Off-campus UMass Amherst users: To download campus access dissertations, please use the following link to log into our proxy server with your UMass Amherst user name and password.

Non-UMass Amherst users: Please talk to your librarian about requesting this dissertation through interlibrary loan.

Dissertations that have an embargo placed on them will not be available to anyone until the embargo expires.

Document Type

Open Access Dissertation

Degree Name

Doctor of Philosophy (PhD)

Degree Program

Afro-American Studies

Year Degree Awarded

2015

Month Degree Awarded

May

First Advisor

Professor Ernest Allen, Jr.

Subject Categories

African American Studies | Other Film and Media Studies | Political History | United States History | Visual Studies | Women's History | Women's Studies

Abstract

This dissertation focuses specifically on dancer Katherine Dunham (1909-2006), pianist Hazel Scott (1920-1981), cartoonist Jackie Ormes (1911-1985), singer Lena Horne (1917-2010), and graphic artist, painter, and sculptor Elizabeth Catlett (1915-2012). It explores the artistic, performative, and political resistance deployed by these five African-American women activists, artists, and performers in the period between 1937 and 1957. The principal form of resistance employed by these women was cultural resistance. Using a mixture of archival research, first person interview, biography, as well as other primary and secondary sources, I explore how these women constructed personas, representations, and media images of African-American women to challenge the racialized, reductive constructions found in mainstream white media and fine art outlets. They simultaneously engaged in “off the page” and “off the stage” political activism during eras that were pivotal within the African-American fight for freedom and equality. The primary purpose of the dissertation then is to unveil this multi-terrain struggle over Black female agency, equality, image, and representation waged by highly visible African-American artists and performers positioned in popular culture and fine art during this period. I argue that this battle is a fundamental component and sits within the larger long struggle for African-American freedom and equality.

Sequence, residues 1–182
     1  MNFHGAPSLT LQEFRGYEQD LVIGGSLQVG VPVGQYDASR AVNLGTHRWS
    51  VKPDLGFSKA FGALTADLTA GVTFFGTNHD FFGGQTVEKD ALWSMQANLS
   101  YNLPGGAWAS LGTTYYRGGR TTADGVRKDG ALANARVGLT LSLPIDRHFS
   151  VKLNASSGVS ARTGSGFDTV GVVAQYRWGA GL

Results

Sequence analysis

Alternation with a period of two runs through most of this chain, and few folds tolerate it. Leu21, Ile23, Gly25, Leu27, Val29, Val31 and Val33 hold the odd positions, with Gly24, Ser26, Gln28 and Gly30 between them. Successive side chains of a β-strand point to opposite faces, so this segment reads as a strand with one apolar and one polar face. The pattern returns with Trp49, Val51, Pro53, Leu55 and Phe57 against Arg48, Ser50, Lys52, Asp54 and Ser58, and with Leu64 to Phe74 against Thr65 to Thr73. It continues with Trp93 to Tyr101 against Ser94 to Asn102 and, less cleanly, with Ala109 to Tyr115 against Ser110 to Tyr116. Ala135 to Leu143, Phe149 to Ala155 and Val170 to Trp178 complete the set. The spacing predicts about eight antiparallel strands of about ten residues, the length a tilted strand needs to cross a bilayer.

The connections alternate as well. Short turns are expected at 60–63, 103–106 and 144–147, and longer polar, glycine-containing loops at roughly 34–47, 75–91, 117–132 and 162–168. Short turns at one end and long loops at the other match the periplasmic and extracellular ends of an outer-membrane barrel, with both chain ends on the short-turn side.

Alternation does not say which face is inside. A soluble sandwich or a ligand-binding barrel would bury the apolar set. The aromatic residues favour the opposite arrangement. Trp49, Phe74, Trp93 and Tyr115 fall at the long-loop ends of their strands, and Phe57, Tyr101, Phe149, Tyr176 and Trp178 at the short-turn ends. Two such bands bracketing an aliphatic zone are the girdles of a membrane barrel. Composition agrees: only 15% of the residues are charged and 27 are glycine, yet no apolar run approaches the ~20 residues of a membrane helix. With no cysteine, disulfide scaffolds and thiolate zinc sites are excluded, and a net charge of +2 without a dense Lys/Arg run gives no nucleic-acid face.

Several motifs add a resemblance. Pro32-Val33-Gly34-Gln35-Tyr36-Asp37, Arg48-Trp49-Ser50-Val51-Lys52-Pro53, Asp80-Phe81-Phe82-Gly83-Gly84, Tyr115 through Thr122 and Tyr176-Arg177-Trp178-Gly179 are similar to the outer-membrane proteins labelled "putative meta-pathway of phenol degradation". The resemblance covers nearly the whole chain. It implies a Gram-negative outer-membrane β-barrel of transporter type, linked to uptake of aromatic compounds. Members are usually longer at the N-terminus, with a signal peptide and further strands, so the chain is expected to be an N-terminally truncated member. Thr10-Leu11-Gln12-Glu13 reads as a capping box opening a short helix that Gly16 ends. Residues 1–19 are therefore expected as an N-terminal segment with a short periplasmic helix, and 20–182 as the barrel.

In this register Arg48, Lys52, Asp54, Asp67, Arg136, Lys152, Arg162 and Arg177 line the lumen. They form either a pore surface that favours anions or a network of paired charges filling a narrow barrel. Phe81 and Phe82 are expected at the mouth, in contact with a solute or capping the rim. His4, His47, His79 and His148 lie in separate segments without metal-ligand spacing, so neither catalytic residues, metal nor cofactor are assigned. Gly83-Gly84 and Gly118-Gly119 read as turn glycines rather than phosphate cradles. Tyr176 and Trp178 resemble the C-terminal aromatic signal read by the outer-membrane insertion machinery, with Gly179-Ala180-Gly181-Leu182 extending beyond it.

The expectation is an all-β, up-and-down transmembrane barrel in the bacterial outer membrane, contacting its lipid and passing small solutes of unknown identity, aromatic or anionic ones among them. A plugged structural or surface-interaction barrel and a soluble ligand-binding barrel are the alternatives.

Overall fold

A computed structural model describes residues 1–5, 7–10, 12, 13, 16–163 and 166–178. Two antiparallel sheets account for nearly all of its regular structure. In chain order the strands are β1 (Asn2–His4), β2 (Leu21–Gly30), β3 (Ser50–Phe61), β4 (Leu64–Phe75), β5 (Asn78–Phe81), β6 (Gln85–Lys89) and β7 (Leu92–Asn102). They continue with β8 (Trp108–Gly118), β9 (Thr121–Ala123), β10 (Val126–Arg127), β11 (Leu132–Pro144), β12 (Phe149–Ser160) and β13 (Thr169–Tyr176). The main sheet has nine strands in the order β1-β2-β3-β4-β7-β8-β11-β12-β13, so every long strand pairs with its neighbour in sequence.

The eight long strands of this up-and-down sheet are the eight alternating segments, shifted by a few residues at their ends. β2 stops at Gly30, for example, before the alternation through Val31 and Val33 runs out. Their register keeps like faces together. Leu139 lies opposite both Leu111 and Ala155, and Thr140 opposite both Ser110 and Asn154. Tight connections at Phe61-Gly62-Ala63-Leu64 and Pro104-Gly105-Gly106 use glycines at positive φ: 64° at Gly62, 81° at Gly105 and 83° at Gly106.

Comments

This is an interdisciplinary dissertation.

Share

COinS